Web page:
Suhi and Saho Jatar Fairs of Chamba Attain District Level Status

Chamba district rejoices as Suhi and Saho Jatar Fairs are recognized at the district level.

The recent announcement that the Suhi and Saho Jatar Fairs have been elevated to district level status has brought great excitement to the people of Chamba. These fairs have a rich history that dates back over a thousand years and are an essential part of the region's cultural heritage. They are now emblematic celebrations of Chamba's diverse folk art and culture. 

Long-awaited Recognition

The residents of Chamba have been tirelessly advocating for the district-level recognition of these fairs for many years. It has been a long-standing demand of the local community, and finally, the government has responded to their ardent petitions. With the declaration of these two fairs as district level, local artists, craftsmen, artisans, and self-help groups will receive more assistance in earning their livelihood. This highly significant milestone marks a momentous occasion for the people of Chamba and celebrates their unwavering determination and perseverance.

Read about : Suhi Mela

Saho: A Cultural Gem

On the right bank of the Sal River, there is a beautiful village called Saho which is known for its cultural heritage. The village's spiritual legacy revolves around the temple of Lord Chandra Shekhra, also known as the moon-crowned God, Shiva. The temple is situated behind the locality in a tree grove. 

Architecture of Temple

The temple is an ancient one with its core dating back to at least 1200 years old. The temple is built in the Himachali Pahadi architectural style with a pent roof and wooden beams. The walls of the garbha-griha are built of stone, but the roof is wooden. Two magnificent images of Shiva can be seen at the entrance, and a huge Shivaling is enshrined in the sanctum. In front of the temple is a life-size Nandi bull carved with fine details. According to Sarahan Prasasti, "The temple was constructed by Stayaki, a local Rana, to establish friendship between his wife, Somprabha, and the daughter, Parvati." It is believed that the temple dates back to a period before the transfer of the seat of power from Bharmour to Chamba in the 10th century. The present structure is attributed by Laxman Thakur to be one thousand years old, but the core and the Shiva Linga are older. Three sides have the customary rathas housing Ganesha, Parvati, and Kartikeya.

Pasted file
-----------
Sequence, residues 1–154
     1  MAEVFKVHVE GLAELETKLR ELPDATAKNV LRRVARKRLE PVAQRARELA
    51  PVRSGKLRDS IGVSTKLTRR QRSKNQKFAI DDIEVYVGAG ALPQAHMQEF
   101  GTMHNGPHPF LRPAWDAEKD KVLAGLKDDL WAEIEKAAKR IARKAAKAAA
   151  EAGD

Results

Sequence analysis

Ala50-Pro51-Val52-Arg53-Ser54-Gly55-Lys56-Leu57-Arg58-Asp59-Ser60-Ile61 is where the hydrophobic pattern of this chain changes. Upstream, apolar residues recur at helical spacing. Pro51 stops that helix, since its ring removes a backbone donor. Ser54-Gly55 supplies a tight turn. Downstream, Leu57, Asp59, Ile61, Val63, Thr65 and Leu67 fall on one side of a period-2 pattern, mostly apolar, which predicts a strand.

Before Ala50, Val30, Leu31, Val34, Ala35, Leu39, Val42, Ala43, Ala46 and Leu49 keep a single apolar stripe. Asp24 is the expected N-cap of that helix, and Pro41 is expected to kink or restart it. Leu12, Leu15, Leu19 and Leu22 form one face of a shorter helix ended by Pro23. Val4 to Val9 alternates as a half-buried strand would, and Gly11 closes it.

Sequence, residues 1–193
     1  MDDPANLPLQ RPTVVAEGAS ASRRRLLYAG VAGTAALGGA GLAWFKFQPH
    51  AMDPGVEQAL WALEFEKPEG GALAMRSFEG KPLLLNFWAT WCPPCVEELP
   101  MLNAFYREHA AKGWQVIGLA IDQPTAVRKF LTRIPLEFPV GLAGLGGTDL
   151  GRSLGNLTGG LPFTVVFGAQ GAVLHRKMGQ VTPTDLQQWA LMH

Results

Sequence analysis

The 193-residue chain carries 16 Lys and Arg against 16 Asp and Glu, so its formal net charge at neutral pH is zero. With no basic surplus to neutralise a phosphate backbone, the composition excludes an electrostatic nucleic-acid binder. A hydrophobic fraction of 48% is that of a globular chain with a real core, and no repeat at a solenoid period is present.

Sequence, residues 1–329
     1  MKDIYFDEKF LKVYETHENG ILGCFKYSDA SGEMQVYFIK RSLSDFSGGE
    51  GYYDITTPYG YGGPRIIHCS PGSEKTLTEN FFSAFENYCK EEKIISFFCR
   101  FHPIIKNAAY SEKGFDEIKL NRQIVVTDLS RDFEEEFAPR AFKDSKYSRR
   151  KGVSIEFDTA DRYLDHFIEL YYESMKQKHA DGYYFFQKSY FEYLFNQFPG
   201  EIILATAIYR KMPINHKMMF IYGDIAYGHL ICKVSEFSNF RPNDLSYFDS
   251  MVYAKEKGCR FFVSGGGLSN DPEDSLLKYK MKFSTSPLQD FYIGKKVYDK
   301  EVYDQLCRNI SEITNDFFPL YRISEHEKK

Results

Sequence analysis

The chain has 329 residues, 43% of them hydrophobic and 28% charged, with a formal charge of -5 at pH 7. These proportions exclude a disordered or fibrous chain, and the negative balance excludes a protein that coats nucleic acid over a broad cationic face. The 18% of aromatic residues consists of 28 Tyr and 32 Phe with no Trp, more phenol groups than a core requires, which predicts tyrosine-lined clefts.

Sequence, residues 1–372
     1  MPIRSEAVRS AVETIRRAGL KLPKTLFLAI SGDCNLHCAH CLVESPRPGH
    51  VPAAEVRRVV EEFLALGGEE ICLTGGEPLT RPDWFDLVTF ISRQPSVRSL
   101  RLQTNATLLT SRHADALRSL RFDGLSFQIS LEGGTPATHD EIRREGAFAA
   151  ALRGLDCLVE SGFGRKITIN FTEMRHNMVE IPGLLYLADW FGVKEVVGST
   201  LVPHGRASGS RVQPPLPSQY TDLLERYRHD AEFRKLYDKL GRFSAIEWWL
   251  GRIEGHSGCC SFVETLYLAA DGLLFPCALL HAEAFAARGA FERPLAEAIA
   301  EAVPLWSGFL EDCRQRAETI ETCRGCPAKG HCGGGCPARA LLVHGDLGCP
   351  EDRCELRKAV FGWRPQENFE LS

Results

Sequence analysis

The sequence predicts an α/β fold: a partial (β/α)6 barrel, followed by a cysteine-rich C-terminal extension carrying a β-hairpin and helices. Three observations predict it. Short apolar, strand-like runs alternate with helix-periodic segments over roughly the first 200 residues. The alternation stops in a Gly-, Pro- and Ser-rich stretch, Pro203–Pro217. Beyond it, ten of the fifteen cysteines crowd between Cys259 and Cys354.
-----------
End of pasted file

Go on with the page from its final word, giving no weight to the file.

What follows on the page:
The Shiva Linga is huge and is one of the largest in the hill temples of India and the largest in Himachal. The temple has been standing at the heart of the village for over a thousand years 

The Vibrancy of Jatar Fairs

Every year, during August or September, Saho transforms into a vibrant hub of festivities with the onset of the Jatar Fair. This fair coincides with the revered Manimahesh Yatra and attracts pilgrims and revelers alike. During summer, Saho is covered in a golden mantle of wheat crops, while in August and September, the fields turn lush green with paddy crops. The spring water of Saho is believed to have medicinal value.

Jatra is a local name given to the fairs in Chamba district. Various jatras are observed in Chamba town and elsewhere in the district. The general feature of jatras is the worship of the deity of the occasion, often accompanied by traditional performances by the chela of the deity. The chela is believed to get possessed by the deity on certain occasions and answers the questions and prayers of the devotees.

Cultural Extravaganza

The Jatar Fair is not just a religious pilgrimage, it is also a cultural extravaganza that features folk singers entertaining the crowds with traditional melodies. Cultural programs are organized during the fair, and in the evenings, the Guru of the deity in the temple invokes the deity and blesses the devotees. Hundreds of people come to worship on this occasion, congregating with bhajans, discourses, and meditation sessions that are held at the temple for about a week.

In Conclusion

The decision to elevate Suhi and Saho Jatar Fairs to district level status is not merely a bureaucratic one, but rather a way of reaffirming the rich cultural legacy of Chamba. As these fairs continue to flourish, they serve as a poignant reminder of the enduring spirit of community and tradition that defines the region.

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